8. " In addition to adopting Common Core, ADE has also been involved in a 21-state consortium - Partnership for Assessment of Readiness for College and Careers (PARCC - that is developing student assessments aligned with the Common Core standards." Quote from Arkansas "Bureau Brief on Common Core, PARCC and Next Generation Science Standards," July 2013, prepared  for a legislative hearing on Common Core. 

9.  "Promote teacher growth through professional learning." Section 1 (2) (A) (ii)

(Act 709 Link to Act 709, law on evaluation

 10. "The National Alliance For Restructuring Education, Schools - and systems - for the 21st Century," page 3 -

11.  See same article as in number 5 above for quote below.  "In 2008, the year before the [RTTT] contest was announced, five states changed teacher evaluation laws. Between 2009 and 2010, 18 states changed teacher-evaluation laws, in some cases explicitly tying the legislation to “Race to the Top” requirements."

12 See articles at links given in numbers 3 and 5 above for Obama's educational reform name as RTTT.   Also see the following link for this quote: The Common Core state standards could someday be known by a different name in Arkansas.  State Education Commissioner Tom Kimbrell said Wednesday that Arkansas has asked the coordinators of the Common Core State Standards Initiative for written clarification of certain issues, including the question of whether Arkansas has the flexibility to change and rename the standards."  Taken from article "Common Core could get name change in Arkansas" Nov 20, 2013, at this link:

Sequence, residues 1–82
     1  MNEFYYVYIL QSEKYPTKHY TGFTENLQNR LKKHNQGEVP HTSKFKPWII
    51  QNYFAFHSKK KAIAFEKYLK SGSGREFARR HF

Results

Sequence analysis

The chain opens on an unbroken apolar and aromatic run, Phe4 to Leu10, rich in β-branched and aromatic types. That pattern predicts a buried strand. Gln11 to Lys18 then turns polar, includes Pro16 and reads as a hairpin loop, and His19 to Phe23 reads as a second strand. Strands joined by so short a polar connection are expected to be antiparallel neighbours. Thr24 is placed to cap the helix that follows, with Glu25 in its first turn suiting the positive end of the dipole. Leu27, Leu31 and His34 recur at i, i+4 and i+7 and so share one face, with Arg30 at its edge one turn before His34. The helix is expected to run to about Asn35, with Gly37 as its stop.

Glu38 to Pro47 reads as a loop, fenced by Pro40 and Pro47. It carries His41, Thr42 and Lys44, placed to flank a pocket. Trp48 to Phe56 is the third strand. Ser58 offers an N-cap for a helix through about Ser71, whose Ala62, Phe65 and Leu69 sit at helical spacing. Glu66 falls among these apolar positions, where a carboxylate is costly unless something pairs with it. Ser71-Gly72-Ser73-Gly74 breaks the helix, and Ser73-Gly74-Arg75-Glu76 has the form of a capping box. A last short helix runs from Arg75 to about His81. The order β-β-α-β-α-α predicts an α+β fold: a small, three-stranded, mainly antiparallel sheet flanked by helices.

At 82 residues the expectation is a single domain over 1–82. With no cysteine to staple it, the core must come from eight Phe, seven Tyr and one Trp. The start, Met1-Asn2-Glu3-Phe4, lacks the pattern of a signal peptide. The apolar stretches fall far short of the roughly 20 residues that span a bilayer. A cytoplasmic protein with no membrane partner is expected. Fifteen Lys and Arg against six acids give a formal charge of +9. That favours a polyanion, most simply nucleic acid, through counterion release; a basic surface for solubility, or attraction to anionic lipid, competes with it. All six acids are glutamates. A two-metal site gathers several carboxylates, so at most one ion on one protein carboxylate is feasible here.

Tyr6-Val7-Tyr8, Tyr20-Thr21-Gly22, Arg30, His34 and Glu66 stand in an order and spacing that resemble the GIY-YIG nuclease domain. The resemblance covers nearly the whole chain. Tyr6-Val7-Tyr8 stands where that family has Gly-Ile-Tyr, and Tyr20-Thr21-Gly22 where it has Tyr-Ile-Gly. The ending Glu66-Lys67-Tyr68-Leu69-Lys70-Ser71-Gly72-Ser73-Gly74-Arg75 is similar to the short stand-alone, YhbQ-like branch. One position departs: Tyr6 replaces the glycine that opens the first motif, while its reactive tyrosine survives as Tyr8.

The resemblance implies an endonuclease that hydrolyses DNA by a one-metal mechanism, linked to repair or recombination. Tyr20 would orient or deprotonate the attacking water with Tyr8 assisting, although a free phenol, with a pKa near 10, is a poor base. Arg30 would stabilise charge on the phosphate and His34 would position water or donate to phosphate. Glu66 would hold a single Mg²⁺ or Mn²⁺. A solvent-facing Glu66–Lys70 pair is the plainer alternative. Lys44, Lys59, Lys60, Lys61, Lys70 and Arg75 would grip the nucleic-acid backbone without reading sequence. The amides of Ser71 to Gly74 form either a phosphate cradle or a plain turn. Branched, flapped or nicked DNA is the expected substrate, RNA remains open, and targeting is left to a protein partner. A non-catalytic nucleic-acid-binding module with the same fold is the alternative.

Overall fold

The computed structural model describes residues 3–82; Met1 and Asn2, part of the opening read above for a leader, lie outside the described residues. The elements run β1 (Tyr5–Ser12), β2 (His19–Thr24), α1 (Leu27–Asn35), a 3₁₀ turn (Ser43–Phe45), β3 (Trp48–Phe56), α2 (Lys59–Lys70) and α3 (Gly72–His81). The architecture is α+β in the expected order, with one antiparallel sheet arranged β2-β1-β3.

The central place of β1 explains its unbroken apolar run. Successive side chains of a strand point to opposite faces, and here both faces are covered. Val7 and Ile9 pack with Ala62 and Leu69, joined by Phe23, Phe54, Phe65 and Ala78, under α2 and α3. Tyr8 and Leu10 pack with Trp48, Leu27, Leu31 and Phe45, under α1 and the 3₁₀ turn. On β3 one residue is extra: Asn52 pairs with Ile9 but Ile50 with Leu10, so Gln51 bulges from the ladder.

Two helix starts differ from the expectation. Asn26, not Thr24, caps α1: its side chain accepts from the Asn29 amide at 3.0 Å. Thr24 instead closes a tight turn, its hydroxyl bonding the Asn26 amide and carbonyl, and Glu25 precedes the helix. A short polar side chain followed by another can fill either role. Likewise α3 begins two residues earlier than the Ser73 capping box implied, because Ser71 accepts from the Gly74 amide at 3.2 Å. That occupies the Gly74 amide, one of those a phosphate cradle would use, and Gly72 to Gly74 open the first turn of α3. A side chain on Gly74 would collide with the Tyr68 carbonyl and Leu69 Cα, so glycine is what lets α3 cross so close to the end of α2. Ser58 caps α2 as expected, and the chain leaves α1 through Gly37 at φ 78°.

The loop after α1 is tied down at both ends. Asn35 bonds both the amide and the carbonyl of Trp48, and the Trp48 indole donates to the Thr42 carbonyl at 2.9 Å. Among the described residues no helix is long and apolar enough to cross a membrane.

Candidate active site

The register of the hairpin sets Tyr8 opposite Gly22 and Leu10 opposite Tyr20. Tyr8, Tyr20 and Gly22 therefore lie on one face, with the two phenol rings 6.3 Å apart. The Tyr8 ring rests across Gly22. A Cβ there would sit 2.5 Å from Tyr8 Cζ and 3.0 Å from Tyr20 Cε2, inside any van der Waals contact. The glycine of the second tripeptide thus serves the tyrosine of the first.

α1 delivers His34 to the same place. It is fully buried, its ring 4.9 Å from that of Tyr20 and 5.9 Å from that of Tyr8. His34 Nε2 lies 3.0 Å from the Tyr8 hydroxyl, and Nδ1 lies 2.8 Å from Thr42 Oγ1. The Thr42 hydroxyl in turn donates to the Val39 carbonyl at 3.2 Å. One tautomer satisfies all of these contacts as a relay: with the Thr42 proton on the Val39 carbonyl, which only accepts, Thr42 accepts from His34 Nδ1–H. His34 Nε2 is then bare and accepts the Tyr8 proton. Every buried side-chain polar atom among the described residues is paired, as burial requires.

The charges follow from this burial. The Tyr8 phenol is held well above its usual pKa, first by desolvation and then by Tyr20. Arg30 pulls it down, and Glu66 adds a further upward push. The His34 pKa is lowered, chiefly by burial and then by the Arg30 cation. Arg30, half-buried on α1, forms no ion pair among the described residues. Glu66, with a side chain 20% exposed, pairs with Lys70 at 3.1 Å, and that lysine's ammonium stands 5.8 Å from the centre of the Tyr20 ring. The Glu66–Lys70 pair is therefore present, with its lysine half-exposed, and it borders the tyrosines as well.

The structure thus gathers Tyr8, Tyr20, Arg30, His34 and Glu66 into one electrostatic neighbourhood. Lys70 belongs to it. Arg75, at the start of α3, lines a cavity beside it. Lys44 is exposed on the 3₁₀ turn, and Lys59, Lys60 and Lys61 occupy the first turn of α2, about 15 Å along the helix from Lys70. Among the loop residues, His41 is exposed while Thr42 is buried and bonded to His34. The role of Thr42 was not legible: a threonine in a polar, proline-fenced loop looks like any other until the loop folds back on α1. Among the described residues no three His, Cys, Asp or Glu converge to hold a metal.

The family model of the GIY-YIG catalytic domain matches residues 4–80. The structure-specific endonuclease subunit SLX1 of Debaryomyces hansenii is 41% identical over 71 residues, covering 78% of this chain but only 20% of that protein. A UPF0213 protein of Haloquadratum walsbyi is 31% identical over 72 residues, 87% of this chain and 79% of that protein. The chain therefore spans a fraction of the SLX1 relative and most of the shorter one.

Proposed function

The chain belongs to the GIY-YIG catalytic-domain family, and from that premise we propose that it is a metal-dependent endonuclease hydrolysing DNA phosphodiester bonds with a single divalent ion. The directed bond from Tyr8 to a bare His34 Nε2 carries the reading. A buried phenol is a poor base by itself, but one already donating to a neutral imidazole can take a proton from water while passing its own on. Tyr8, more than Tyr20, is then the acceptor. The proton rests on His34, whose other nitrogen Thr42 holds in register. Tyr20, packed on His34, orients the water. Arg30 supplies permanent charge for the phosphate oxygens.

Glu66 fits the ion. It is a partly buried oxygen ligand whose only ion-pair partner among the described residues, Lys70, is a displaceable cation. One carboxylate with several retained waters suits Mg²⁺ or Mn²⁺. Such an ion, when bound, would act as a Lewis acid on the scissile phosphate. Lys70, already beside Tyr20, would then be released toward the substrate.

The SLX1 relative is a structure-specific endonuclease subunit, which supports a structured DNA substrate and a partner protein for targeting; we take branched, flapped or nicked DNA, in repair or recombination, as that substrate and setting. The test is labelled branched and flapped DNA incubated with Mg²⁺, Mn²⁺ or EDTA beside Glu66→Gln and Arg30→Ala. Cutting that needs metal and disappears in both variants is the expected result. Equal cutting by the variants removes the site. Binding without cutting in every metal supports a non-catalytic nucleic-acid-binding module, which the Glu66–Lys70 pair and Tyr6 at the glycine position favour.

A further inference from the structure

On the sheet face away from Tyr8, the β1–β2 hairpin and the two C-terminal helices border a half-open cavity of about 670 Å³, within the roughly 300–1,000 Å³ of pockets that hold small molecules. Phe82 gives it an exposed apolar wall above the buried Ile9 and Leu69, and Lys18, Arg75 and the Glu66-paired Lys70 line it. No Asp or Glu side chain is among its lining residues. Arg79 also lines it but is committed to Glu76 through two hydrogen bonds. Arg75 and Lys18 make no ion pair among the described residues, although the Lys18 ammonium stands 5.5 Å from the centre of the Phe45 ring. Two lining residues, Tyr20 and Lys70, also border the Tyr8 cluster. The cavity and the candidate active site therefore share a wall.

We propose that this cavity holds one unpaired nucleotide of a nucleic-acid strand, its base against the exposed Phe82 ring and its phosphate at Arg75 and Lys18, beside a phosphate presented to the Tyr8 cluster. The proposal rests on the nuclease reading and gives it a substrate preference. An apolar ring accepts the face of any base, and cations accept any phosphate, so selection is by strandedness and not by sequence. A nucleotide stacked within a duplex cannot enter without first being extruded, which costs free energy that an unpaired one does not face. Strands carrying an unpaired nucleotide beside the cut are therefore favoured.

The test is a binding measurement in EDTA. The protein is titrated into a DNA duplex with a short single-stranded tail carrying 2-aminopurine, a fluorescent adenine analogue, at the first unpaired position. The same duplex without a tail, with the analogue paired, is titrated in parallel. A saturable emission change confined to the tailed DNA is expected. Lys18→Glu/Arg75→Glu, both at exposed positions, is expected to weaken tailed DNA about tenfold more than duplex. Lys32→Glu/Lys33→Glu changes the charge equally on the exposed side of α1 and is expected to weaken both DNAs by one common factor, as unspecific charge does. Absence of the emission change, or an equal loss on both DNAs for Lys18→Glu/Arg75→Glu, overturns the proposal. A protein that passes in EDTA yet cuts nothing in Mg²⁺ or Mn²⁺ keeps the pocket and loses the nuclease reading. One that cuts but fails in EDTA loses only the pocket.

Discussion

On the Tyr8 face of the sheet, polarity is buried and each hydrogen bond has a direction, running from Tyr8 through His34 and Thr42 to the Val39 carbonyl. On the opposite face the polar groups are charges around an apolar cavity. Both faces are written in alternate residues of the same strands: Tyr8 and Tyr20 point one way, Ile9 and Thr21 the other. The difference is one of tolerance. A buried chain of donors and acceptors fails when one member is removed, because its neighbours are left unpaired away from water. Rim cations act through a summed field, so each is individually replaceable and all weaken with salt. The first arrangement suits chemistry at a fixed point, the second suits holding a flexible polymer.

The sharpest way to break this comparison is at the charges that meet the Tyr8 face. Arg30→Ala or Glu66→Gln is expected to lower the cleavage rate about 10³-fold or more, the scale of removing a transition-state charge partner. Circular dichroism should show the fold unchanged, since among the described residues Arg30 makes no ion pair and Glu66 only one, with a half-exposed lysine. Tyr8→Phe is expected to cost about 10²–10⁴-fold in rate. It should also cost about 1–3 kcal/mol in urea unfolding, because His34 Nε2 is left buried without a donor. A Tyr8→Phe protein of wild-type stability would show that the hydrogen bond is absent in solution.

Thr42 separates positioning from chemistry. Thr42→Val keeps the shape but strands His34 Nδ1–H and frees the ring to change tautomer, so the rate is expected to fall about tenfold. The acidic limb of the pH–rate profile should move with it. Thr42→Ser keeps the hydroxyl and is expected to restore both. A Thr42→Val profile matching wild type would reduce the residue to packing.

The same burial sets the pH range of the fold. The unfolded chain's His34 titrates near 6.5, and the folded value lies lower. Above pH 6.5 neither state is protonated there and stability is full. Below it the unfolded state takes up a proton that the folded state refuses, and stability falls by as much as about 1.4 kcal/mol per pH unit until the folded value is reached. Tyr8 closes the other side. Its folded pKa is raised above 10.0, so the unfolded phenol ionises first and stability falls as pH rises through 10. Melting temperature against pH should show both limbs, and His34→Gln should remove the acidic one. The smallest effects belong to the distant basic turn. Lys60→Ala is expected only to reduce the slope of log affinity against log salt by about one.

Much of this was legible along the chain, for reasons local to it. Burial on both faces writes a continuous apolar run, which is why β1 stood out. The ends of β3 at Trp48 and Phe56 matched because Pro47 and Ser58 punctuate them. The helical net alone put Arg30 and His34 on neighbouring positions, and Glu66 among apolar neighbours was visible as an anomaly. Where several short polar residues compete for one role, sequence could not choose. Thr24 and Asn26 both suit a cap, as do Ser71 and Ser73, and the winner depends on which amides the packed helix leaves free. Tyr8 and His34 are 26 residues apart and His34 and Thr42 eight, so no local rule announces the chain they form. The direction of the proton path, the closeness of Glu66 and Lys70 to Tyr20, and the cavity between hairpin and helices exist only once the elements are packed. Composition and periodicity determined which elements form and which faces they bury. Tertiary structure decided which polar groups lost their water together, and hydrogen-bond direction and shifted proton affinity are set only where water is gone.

13. See article in # 5 above for the following quote. "The Arkansas Department of Education had requested $374 million to implement education changes across the state.  Some highlights of Arkansas’ existing plan included implementing a national common core of education standards and tests… Arkansas’ plan also called for…math instructional programs across the state."

14. "Nine States and the District of Columbia Win Second Round Race to the Top Grants"  

15. See article in # 5 above for Arkansas failure to receive grant. See the following quote at the link below:  "Some states are vowing to plow ahead as best they can without federal money. Others are sticking with their plans, but pushing back deadlines because of tight budgets. And a few are bracing for fights over whether to abandon the overhaul plans altogether.  “We’re stuck now. The mandates are all there, but we don’t have the money,” said Hudak, a Democrat…Bruce Baker, a Rutgers University associate professor and expert in school finance, said the “Race to the Top” had losing states in mind as well as the winners." Title: "Fixes troubling for grant losers."

16. "The American Recovery and Reinvestment Act of 2009 (ARRA) provides approximately $100 billion for education…[to] advance reforms and improvements that will create long-lasting results for our students and our nation including early learning, K-12." Title of article:  The American Recovery and Reinvestment Act of 2009: Saving and Creating Jobs and Reforming Education, March 7, 2009

Posted April, 2014

By Women Action Group (WPAAG.Org)